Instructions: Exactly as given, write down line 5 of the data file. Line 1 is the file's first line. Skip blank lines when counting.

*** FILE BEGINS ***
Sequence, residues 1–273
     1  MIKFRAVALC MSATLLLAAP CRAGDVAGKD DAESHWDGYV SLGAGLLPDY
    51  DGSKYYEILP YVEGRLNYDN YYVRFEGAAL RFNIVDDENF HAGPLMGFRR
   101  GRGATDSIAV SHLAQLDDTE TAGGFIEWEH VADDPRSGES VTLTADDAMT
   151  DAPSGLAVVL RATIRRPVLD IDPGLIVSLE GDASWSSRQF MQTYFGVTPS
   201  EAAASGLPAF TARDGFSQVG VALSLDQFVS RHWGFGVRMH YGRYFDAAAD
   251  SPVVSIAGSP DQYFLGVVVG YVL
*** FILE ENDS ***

   151  DAPSGLAVVL RATIRRPVLD IDPGLIVSLE GDASWSSRQF MQTYFGVTPS